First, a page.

RF –

After shortstop was done I thought my team was in the clear.  Then we got to right field.  The Royals have had some decent right fielders like Jermain Dye and Al Cowens, but they have also had Jeff Francoeur and Jose Guillen.  Danny Tartabull is tops with 13.9 WAR, and is the only one in double digits and he was only a Royal for five seasons and fought injuries a lot in the final three years only playing in 133, 88, and 132 games those years.  Right fielders for the Royals have accumulated 59.9 WAR over 45 seasons for a rate 1.3 per year, and I am now convinced that Wil Myers was traded to avoid losing this distinction.

SP –

For pitching I looked at each teams top 5 starters by WAR all time.  There were only 3 contenders for sum of those 5 divided by years for the organization, and they were the Brewers, Padres, and Rangers.  The Rangers already have center field and the Padres shortstop so I thought about giving it to the Brewers for no repeats.  Instead I am going to make the rotation all three teams because I can.  Here are their respective rotations.

Brewers Padres Rangers
Ben Sheets (29.6 WAR) Jake Peavy (24.6) Kenny Rogers (26.1)
Teddy Higuera (28) Randy Jones (21.4) Charlie Hough (23.7)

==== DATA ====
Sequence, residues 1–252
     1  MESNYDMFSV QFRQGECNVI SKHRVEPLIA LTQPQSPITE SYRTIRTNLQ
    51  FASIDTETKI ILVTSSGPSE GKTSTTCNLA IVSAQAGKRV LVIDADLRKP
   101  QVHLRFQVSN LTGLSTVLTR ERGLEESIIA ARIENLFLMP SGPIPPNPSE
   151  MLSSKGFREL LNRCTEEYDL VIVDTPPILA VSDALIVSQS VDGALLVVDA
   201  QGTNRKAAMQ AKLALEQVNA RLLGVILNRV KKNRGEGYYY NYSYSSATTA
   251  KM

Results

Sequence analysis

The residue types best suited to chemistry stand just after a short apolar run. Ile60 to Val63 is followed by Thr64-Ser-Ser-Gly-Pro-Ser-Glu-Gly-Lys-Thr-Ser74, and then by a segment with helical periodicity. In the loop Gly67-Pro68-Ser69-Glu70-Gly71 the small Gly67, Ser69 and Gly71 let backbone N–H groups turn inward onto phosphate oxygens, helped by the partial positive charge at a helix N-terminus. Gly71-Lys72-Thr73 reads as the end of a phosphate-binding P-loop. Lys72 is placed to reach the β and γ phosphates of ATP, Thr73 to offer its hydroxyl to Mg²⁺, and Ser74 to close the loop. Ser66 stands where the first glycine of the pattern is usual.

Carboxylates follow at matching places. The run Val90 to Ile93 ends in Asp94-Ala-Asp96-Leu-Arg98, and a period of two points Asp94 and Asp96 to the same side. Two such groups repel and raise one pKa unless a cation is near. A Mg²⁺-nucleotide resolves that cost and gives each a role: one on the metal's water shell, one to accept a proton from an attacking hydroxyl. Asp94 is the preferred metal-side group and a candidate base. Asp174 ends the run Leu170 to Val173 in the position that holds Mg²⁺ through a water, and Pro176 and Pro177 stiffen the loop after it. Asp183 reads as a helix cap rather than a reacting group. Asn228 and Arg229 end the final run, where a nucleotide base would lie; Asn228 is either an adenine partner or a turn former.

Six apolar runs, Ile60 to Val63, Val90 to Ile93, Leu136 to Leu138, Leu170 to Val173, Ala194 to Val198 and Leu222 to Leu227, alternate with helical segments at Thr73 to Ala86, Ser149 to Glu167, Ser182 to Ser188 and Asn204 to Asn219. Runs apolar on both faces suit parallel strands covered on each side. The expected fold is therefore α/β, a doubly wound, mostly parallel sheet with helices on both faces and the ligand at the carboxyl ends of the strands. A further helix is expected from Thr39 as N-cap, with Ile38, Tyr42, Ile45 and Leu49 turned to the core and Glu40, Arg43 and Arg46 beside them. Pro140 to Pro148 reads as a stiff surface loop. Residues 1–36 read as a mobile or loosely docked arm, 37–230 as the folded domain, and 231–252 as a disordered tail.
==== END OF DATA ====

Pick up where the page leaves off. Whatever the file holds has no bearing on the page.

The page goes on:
Moose Haas (20.6) Andy Benes (21) Kevin Brown (22.3)
Chris Bosio (19.9) Andy Ashby (15.2) Fergie Jenkins (22.1)
Yovani Gallardo (16.9) Bruce Hurst (14.8) Nolan Ryan (21.6)

Texas gets the first spot in the rotation.  They are tied with the Padres for the worst 2.2 WAR/season of existence for their top 5, but what sets them apart is that three of their 5 are players from other organization so only Kenny Rogers and  Kevin Brown were developed by them.  The Padres top three were all drafted and developed in house, so they get to go second.  The Brewers rate was a bit better at 2.6 WAR per year and go third.  Only the Rangers have a real chance of escaping their current position if Yu Darvish can continue being awesome, he already has 13.4 WAR and is only 27, so he could pass Ryan in a couple more years.  The top of the other two rotations right now are Yovani Gallardo, currently 5th for the Brewers all time, but he is trending the wrong way and is only controlled through next year.  Ian Kennedy is at the top for San Diego right now, which explains a lot about their season.

There you have it, historic ineptitude by position.  I am going to go ahead and leave the relief pitchers alone.  That will be my fan vote I guess, so go figure out your favorite and comment below.